President Trump’s assault on international treaties and agreements is taking another victim: the Intermediate-range Nuclear Forces Treaty (INF). The Cold War-era treaty eliminated the deployment of all land-based U.S. and Russian nuclear and conventionally armed missiles (and their launchers) with a range between 311 miles and 3,420 miles. When signed by President Ronald Reagan and Soviet leader Mikhail Gorbachev in 1987, it was celebrated as one of the greatest arms-control achievements ever, because it eliminated a whole class of weapons from a continent ravaged by war in that century. Everyone — Americans, Russians, Europeans — was better off.
Trump and his national security adviser John Bolton — the driver of this U.S. policy change — have decided that Reagan, Gorbachev and European leaders were wrong to want to decrease the number of deployed weapons, including nuclear-armed missiles, in Europe. Instead, Trump wants to restart an arms race with Russia.
Trump officials also have cited China’s land-based missiles as an additional justification for pulling out of the INF Treaty. So now we are embarking on an arms race with both Russia and China.
It is true that Russia was violating the INF Treaty by developing a new cruise missile. Something had to be done to stop Vladimir Putin’s bad behavior. And yes, China also needs to be deterred in Asia. The Trump decision to withdraw for the INF Treaty now, however, does little to achieve these U.S. security goals and much to undermine them.
In Europe, we have now lost the diplomatic battle by appearing yet again as the wrecker of international agreements. European leaders should have done more to pressure Putin to stick to the treaty. But now the attention on bad behavior will swing back to us, not Moscow. That’s a gift for Putin.
And then what? Maybe secret plans have been drafted to enhance European deterrence without the INF Treaty. In public, however, the Trump administration has not outlined how it will use its freedom from the INF Treaty to deploy more intermediate-range missiles on land in Europe. Which missile? Which launcher? And most importantly, where will they be deployed? To be sure, Washington today has more options than Reagan did when he pushed ahead to deploy ground-launched cruise missiles and Pershing II missiles in Europe in the 1980s. But even if Poland or Estonia were to allow U.S. missile deployments in their countries, that would spark a major political conflict within NATO. That’s a second gift for Putin.
Also, consider why these weapons inspired such fear at the time. Compared to ICBMs, they decrease the time that leaders in Moscow and Washington have to respond to an attack, real or perceived, to as little as 10 minutes. That is destabilizing.
And finally, the United States and our European allies already have tremendous deterrent capability against Russia in the field, including nuclear weapons and the means to deliver them, as well as sea- and air-based conventional missiles. We can additionally deter and counter Russia by increasing our air- and sea-based missiles in the region without deploying missiles of this range on land.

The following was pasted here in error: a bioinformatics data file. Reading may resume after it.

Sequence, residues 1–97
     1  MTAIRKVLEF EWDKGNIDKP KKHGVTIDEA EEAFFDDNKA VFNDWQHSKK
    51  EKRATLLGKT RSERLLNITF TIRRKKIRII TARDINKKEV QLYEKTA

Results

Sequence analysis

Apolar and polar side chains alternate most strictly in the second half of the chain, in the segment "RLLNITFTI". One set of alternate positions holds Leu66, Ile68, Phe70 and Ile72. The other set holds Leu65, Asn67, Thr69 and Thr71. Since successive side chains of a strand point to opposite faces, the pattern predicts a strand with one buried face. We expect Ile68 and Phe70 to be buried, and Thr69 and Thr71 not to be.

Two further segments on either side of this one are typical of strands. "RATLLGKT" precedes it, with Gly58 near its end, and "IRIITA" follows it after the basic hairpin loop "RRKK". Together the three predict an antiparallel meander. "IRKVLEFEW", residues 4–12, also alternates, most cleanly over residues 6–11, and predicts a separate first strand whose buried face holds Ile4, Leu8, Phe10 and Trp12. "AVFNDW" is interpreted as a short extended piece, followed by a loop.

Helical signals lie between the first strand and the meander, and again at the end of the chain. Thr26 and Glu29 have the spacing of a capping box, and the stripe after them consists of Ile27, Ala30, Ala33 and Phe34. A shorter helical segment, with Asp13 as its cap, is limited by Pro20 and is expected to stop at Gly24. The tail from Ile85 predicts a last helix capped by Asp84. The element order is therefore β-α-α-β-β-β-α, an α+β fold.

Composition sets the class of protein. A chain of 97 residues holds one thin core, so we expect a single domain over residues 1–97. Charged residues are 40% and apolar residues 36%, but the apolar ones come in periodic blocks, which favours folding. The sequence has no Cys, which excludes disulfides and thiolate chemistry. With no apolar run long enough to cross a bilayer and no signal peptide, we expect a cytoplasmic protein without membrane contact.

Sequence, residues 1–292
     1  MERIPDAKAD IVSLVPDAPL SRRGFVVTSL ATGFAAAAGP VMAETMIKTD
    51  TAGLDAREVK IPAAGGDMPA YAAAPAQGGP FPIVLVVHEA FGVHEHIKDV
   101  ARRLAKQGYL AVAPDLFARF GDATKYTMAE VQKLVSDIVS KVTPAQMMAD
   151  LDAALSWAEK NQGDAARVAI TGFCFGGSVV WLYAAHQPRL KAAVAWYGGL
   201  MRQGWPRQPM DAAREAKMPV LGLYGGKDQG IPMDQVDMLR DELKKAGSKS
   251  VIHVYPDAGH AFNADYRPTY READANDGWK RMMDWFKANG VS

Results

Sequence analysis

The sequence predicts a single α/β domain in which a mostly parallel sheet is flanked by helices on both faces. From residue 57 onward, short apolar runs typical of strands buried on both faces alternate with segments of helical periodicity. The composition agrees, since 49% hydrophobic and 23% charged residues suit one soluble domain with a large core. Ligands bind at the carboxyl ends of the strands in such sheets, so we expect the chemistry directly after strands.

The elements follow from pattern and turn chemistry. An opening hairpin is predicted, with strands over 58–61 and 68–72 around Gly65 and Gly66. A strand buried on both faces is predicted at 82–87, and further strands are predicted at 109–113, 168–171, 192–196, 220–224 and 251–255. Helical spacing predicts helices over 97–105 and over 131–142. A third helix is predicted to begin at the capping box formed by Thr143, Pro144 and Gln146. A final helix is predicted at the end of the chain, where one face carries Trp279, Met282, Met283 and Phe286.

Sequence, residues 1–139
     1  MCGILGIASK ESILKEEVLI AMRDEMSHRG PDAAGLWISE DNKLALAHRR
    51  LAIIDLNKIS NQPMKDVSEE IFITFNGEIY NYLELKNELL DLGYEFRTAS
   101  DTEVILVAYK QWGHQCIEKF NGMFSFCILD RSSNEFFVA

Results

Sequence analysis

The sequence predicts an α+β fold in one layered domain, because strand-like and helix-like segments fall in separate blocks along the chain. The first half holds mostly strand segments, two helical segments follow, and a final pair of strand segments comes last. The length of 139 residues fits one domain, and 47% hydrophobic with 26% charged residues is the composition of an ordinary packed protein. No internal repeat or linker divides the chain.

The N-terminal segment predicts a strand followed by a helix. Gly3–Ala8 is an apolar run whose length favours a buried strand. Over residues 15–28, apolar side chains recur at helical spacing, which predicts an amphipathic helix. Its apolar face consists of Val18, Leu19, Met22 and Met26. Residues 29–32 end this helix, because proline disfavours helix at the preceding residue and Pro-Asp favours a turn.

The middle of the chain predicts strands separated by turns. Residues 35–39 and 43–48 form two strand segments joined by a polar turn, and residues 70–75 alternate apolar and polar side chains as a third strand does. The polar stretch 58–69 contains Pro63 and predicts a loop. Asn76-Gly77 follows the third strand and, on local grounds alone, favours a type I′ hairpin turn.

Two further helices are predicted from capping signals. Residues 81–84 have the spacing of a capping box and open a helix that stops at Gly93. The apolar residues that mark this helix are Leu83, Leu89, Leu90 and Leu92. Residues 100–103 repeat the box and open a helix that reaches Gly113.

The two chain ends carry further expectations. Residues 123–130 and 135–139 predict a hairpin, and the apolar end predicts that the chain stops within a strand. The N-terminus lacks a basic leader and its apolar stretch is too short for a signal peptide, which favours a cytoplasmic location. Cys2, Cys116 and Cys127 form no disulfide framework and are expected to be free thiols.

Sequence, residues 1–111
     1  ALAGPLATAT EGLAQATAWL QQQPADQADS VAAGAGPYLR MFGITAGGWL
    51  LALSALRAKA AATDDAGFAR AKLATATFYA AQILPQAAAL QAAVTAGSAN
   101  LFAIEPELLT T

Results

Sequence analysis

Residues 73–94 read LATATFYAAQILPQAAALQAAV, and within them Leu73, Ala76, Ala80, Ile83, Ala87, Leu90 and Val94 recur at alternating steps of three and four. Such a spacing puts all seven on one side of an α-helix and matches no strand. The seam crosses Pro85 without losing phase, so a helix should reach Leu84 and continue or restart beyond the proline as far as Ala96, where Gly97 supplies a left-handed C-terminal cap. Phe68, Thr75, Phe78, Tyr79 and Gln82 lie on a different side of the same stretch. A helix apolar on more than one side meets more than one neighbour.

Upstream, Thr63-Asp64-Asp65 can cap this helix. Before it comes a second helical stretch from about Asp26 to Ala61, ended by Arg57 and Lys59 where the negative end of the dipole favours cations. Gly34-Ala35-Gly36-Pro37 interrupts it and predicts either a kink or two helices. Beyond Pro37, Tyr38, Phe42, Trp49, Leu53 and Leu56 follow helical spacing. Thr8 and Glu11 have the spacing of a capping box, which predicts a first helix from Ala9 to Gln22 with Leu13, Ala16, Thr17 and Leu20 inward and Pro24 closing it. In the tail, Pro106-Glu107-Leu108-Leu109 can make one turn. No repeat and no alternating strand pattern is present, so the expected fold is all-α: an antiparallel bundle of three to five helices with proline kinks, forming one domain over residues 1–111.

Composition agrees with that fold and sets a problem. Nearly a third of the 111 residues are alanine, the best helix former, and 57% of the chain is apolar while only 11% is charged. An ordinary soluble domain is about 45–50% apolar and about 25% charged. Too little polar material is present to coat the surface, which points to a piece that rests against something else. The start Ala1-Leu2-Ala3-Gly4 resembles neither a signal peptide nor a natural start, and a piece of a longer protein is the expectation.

In Asia, the United States and our allies also have many other means to deter China without deploying intermediate-range missiles on the ground. In a stroke of brilliance, the U.S. INF negotiators kept air- and sea-based missiles and launchers out of the 1987 treaty, a victory that played to the United States’ comparative strengths. We still enjoy those comparative advantages in Asia. If we need to deploy more missiles to deter China, we can do so on air- and sea-based platforms without violating the INF Treaty. And our allies can deploy their own missiles on land if they want to do so.
But do they want to do so? Has any U.S. ally in Asia applauded Trump’s decision to withdraw from this treaty? Not yet.
The Trump administration would do well to study the intense intra-alliance tensions over the Reagan administration deployments of the ground-launched cruise missiles and Pershing IIs before rushing into such dramas with our Asian allies. And ground-based deployments in Guam would be both remote and much more vulnerable than missiles deployed on ships or submarines.
Instead of accelerating an arms race with China, we should pressure it to join a negotiation about a new arms-control regime in Asia or the world.
Optimists are clinging to the hope that the Trump’s withdrawal gambit is just a negotiating tactic – a move to get the Russians back to the negotiating table. I hope they’re right, but I fear they’re wrong. Putin is unlikely to be threatened into negotiating, especially when the new status quo serves Russian political and security interests.
What’s likely up next for the Trump/Bolton wrecking ball: New START. Bolton has never supported this treaty. If we pull out of it, get ready to spend hundreds of billions on more nuclear weapons of little strategic value (we can blow up the world right now with the 1,550 nuclear weapons allowed under New START) and tens of billions of dollars more to gather intelligence about Russia’s nuclear deployments that can currently be collected through the verification and inspections procedures codified in New START.
The nuclear arms race during the Cold War did not make the United States more secure. Neither will launching a new arms race with both Russia and China.